Villem Raam (30 May 1910 – 21 May 1996) was an Estonian art historian, art critic and conservator-restorer. His work in documenting and preserving the cultural heritage of Estonia, not least during the Soviet occupation of Estonia, contributed significantly to the understanding of art history and cultural heritage in Estonia.[1]

Villem Raam was born in Pärnu and studied art history at Tartu University. In 1938 he produced his first scholarly work on medieval Estonian architecture. Following the occupation of Estonia, in July 1940 Raam became the director of the State Art Museum of Soviet Estonia; however, in June 1941 he was arrested by Soviet authorities and deported to Siberia. He would remain in labour camp for fifteen years. He was allowed to return to Estonia in 1956 and was able to continue working in his academic field, first as an employee at an institution with the purpose of registering architectural monuments. In 1957 he was admitted and eventually made a member of the board of the Estonian SSR Artists' Union. Subsequently, he dedicated the rest of his life to art history, conservation issues and art criticism. Among his tangible contributions are the restoration of St. Nicholas' church in Tallinn, which he managed to convince the authorities to transform into a museum of ecclesiastical art rather than an initially planned "museum of atheism".[2][3][4]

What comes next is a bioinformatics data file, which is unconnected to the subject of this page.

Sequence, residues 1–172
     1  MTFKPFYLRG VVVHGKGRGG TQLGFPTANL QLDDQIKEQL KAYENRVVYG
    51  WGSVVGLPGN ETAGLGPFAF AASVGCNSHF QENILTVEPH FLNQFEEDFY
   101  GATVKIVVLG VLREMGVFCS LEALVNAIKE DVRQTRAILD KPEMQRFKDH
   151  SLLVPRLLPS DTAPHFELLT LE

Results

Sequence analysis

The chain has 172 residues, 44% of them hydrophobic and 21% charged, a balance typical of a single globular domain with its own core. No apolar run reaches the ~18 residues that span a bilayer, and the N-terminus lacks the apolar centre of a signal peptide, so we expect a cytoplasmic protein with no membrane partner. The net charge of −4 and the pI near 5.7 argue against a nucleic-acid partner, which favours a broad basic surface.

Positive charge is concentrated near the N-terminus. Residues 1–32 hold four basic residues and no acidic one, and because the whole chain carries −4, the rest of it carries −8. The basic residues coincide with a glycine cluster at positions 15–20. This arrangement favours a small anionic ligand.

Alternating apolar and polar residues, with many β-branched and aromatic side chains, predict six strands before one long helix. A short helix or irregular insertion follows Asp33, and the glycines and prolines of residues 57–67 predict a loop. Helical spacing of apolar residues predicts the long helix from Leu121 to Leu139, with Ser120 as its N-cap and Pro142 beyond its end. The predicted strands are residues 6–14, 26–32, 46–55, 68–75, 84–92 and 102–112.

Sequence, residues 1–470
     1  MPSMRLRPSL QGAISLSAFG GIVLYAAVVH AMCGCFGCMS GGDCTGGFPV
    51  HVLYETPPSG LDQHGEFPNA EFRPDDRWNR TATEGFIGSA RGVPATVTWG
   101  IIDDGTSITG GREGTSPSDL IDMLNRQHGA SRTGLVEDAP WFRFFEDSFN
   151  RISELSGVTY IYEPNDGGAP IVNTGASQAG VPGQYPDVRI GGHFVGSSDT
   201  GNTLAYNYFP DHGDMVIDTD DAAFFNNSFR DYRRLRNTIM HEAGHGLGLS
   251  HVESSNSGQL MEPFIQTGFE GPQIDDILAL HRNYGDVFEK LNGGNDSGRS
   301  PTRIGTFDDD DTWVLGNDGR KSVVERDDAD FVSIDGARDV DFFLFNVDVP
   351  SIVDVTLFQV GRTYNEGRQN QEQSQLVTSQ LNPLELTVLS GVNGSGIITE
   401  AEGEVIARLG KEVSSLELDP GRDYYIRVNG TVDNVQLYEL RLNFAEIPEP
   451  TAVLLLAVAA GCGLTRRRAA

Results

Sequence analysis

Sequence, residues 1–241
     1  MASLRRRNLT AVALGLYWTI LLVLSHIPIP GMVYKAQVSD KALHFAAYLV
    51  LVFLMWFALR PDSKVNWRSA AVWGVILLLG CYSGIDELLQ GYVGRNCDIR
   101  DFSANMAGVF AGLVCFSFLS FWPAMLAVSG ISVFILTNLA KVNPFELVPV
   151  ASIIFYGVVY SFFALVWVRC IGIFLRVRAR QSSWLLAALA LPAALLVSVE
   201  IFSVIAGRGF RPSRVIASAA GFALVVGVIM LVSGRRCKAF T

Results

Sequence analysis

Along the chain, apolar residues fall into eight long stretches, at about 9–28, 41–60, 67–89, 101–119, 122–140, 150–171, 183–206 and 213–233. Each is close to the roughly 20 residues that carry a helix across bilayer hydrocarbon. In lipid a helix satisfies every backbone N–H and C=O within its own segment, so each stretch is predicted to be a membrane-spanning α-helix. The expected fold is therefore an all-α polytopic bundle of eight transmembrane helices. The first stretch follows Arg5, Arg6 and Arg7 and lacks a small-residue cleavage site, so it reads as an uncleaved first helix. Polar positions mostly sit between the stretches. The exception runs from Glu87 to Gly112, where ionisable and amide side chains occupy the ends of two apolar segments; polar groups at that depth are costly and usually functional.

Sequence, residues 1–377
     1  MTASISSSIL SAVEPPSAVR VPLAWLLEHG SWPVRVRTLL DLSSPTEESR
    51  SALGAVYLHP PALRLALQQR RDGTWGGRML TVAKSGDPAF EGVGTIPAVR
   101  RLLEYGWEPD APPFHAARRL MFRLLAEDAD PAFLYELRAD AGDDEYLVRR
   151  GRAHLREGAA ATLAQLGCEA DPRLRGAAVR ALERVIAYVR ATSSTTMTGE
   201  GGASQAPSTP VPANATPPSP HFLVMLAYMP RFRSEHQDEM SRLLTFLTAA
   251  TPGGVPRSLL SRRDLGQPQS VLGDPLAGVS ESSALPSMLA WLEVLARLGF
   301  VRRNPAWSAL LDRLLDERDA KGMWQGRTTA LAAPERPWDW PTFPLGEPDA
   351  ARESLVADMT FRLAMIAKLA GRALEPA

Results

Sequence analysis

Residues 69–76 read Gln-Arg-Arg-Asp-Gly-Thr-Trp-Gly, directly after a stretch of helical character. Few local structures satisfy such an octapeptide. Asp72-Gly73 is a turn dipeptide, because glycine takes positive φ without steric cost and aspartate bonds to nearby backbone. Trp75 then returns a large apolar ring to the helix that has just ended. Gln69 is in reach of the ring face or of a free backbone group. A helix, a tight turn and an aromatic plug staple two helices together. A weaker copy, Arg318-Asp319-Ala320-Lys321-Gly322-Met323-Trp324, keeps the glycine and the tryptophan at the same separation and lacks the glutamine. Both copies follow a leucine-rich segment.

In 1996, Raam was awarded the Order of the National Coat of Arms, 3rd class.[5] Between June 2010 and May 2011, an exhibition his architectural photographs was made at the Art Museum of Estonia to mark the centenary of his birth.[6]

He was an honorary alumnus of the Estonian Students' Society.[7]

ReferencesEdit

  1. ^ Randla, Anneli (2010). "Villem Raam 100". Baltic Journal of Art History. Chair of Art History of the Institute of History and Archaeology of the University of Tartu (2010. Spring.). Retrieved 10 April 2013.
  2. ^ Randla, Anneli (2010). "Villem Raam 100". Baltic Journal of Art History. Chair of Art History of the Institute of History and Archaeology of the University of Tartu (2010. Spring.). Retrieved 10 April 2013.
  3. ^ Hain, Jüri (2008). "Villem Raam as an Art Critic". Studies on Art and Architecture. Estonian Society of Art Historians (3 (17)): 83–99. Retrieved 10 April 2013.
  4. ^ Hain, Jüri (2010). "Villem Raam - the Keeper of Continuity of Art Culture" (PDF). Studies on Art and Architecture. Estonian Society of Art Historians (19): 160–162. Retrieved 10 April 2013.
  5. ^ "Estonian State Decorations". President of the Republic of Estonia. Retrieved 26 May 2013.
  6. ^ "Raami pildid. Villem Raam fotograafina (In Estonian)". Art Museum of Estonia. Retrieved April 10, 2013.
  7. ^ Auvilistlased eys.ee